Based on the nominal test item amount, the maximum dissolution of Pb at pH 6 from the test item corresponded to 6.01% (w/w); based on contained lead 5.95% (w/w).

At pH 8, the maximum dissolution of Pb after 24 h based on contained Pb was 3.68 µg/L (1.03% (w/w)).

Test material with a PbO content of 78.0%:

After 7 days, the dissolution of Pb ranged from 53.8 ± 8.53 µg/L (pH 8) to 562 ± 86.1 µg/L (pH 6).

After 28 days, the dissolution of Pb ranged from 110 ± 8.28 µg/L (pH 8) to 684 ± 22.8 µg/L (pH 6).

At pH 6, the maximum dissolution of Pb from the test item was 68.4% (w/w) based on nominal test item loading. Based on contained Pb, the dissolution corresponded to 94.3 % (w/w).

At pH 8, the maximum dissolution of Pb after 24 h based on contained Pb was 29.4 µg/L (4.06 % (w/w)).

In comparison, a water solubility of lead monoxide (saturation solubility, OECD 105; Heintze 2005) of is given with 70.2 mg/L in the REACH registration dossier and in the "Voluntary Risk Assessment for Lead and Lead Compounds"; a T/D screening test at pH = 8 with a 100 mg/L loading revealed an average (+- SD) dissolved Pb concentration after 24 hours of 101 (+-0.003) µg/L.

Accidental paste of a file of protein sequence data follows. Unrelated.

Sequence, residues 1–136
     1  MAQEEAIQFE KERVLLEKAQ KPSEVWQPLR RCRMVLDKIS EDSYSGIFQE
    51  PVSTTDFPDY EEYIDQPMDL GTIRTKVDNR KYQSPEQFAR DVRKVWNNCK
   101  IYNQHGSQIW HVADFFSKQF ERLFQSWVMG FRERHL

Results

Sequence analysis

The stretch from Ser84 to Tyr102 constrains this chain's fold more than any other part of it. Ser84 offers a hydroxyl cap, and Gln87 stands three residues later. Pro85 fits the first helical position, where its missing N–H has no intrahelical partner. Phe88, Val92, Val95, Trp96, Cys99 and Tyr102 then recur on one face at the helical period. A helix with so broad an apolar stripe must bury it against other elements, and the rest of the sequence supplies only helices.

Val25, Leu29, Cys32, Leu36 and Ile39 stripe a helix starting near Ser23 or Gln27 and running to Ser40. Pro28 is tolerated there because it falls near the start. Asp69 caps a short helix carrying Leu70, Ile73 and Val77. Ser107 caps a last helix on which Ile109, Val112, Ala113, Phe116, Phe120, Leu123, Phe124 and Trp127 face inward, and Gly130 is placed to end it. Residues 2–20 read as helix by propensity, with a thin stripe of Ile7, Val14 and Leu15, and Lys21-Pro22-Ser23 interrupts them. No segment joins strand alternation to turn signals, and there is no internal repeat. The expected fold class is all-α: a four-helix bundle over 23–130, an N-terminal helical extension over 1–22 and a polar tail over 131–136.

Based on the above data, the release of Pb fromthe test item glass, oxide, chemicals is substantial, but eithersimilar or lower compared to pure PbO. Thus, read-across to lead monoxide can be considered scientifically justified and sufficiently conservative.

Discussion:

- Toxicity to freshwater organisms

Acute freshwater data:

For fish, 47 individual reliable acute toxicity data points for two different species were put forward for hazard assessment purposes. The acute toxicity values (96h-LC50) for Pimephales promelas varied between of 40.8 µg dissolved Pb/L (at pH 5.67 and hardness of 15.9 mg/L) and 3597.9 µg dissolved Pb/L (at pH 7.1 and hardness of 26 mg/L).The acute toxicity values (96h-LC50) for Oncorhynchus mykiss varied between of 107.0 µg dissolved Pb/L (at pH 8.8 and hardness of 290 mg/L) and 1170.0 µg dissolved Pb/L (at pH 6.9 and hardness of 32 mg/L).